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14 October 2004
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Korea Life Blog - At the School

My A class is a little bad, not by much, but there's potential to be really bad unless I stay on top of them. Yesterday I held the five troublemaker boys after class. I gave them a lecture. I was never able to do this at any other school because I had no Korean assistant. Anyway, it went something like this:

Me: "OK, tell me what you learned today?"

Boys: (staring at the ground, one tries with "Is boy Jerry name!")

Me: (feigning anger) "I spent 40 minutes of class today teaching you two short sentences and you can't remember them?"

Boys: (getting really uneasy as Cathy translates)

Me: (pointing to Adam as an example) "I'm Adam. I'm a boy." That's it. I taught you that for 40 minutes. Is it THAT difficult? Why can't you remember that? Because you don't listen. You're rude and disrespectful, all of you. I came here from America, very far away, to teach you English. I can't see my Mom, I can't see my sister, I can't see my dog and cat - I can't even see my goldfish! My sister had a baby a few days ago, and I couldn't be there. Guess why? Because I care too much about Korea and your future. I love this country and I love my students. I came here to Korea to teach you (pointing at each one) boys. You have to speak English, and it's my job to teach you to do so. You have to listen to me and respect me..."

It went on like this for awhile. A couple of the boys started to cry and even Cathy looked a little choked up. Afterword, I made them write "I'm sorry Shawn teacher" 15 times while Cathy told me I have "Jung" (which means something like I have inner spirit and love). Before the kids left, they kept trying to hug me.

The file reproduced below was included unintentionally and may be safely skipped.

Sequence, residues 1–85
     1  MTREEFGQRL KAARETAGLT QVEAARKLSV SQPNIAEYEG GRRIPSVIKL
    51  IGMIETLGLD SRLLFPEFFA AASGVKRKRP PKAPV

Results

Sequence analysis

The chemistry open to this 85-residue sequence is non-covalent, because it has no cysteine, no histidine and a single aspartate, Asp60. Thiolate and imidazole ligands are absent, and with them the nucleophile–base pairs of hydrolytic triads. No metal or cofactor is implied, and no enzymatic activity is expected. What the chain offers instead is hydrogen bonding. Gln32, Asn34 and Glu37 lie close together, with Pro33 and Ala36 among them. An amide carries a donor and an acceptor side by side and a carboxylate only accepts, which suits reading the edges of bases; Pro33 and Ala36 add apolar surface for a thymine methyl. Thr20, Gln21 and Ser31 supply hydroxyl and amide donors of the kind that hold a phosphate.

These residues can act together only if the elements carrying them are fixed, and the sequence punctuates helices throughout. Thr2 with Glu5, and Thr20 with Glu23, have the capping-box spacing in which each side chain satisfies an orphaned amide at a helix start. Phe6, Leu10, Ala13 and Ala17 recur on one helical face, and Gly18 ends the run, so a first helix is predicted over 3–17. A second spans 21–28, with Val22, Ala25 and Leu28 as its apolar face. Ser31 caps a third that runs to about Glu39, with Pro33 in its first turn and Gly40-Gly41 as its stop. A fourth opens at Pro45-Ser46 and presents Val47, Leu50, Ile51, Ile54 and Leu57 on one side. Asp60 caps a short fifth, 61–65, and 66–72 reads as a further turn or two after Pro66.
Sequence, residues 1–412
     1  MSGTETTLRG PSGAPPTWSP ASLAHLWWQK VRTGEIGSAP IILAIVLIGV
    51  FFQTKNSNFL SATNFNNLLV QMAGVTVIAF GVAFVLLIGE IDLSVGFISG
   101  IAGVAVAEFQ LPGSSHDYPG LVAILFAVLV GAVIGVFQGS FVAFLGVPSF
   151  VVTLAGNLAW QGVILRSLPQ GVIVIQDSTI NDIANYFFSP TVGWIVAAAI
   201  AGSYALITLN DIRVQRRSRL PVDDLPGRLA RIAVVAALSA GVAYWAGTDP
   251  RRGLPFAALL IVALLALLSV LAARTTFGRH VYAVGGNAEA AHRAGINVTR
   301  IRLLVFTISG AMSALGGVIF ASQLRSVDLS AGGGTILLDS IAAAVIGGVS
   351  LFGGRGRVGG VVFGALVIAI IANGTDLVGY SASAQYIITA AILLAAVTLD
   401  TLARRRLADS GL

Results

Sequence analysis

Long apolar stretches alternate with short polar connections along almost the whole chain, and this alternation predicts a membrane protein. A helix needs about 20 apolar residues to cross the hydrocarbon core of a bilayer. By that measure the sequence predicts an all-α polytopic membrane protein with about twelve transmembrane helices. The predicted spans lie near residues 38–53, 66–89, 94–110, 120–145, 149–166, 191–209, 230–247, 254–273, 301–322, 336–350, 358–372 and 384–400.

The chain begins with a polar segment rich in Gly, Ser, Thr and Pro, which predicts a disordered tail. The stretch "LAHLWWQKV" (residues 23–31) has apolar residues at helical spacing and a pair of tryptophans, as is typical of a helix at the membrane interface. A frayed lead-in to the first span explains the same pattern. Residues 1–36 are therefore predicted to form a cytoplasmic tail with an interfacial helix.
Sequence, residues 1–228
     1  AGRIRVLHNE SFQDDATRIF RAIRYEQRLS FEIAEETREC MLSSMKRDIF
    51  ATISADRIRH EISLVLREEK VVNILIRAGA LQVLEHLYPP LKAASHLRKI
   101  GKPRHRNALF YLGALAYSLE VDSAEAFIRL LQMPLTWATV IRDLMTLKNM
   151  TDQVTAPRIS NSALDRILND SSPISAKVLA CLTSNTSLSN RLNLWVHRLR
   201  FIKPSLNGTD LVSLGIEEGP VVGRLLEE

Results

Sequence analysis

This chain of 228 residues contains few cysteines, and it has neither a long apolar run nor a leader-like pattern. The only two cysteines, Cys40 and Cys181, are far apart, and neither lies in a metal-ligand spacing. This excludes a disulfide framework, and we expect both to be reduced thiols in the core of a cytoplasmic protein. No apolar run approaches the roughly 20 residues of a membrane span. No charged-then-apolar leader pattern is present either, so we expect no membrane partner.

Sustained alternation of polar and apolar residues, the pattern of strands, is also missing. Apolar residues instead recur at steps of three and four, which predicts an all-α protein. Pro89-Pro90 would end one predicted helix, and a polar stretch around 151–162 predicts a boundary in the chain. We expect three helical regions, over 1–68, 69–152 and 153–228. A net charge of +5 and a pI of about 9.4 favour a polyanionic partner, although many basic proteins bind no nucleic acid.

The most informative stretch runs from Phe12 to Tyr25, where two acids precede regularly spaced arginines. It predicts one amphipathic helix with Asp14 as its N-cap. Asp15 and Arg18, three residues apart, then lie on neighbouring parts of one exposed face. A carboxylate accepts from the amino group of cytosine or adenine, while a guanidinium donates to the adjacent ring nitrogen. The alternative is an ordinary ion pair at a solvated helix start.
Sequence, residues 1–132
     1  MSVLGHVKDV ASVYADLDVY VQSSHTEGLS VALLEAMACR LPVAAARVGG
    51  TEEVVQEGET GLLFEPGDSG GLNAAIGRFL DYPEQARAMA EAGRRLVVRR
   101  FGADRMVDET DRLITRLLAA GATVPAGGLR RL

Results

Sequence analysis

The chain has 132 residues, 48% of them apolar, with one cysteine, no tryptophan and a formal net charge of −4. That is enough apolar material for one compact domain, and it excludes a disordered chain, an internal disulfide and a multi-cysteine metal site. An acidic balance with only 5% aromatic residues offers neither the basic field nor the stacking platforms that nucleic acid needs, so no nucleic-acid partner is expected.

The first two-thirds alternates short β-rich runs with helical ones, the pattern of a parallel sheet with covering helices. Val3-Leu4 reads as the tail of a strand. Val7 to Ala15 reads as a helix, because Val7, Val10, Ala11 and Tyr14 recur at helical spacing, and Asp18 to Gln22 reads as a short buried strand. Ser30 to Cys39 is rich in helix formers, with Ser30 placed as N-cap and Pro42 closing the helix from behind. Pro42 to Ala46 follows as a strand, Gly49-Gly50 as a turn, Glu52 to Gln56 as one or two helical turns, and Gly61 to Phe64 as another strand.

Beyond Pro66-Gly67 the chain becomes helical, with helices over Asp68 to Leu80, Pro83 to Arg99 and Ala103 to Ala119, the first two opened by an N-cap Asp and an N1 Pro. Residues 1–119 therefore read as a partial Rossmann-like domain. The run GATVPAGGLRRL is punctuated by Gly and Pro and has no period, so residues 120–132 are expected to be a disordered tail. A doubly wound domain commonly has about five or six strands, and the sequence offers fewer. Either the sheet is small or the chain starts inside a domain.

Today they were a little better than yesterday, but not by much.

I applied for my Alien Registration Card. I have to leave my passport with immigration until October 25 before it's ready. That's two weeks, just about. What are you supposed to do in the meantime if you need ID or if there's some kind of emergency? I think that's a warped system. Why can't they just look at the passport, then make two copies and sign them or something, then make the ID card later without it?

Cathy and I received a huge amount of new supplies from the school itself today (not the agency). Mountains of flashcards and games and other materials.

Cathy, however, kind of irked me later. A few weeks ago I showed her the copy of the Lulu version of my book and she was totally interested and surprised. Well, today she noticed the Korea copy I had on my desk and said, "Oh wow! Is Korea now? Can I read your book now it's Korea? Wow!"

"Well, sure. You can buy it tomorrow. It's only 10,000 won. Do you want me to bring you a copy?"

"What?" (probably didn't understand what I said)

"It's for sale. 10,000 won." (I said this in Korean).

"Oh, I see."

"So, you want one? I'll bring it tomorrow."

"Oh, yes, of course."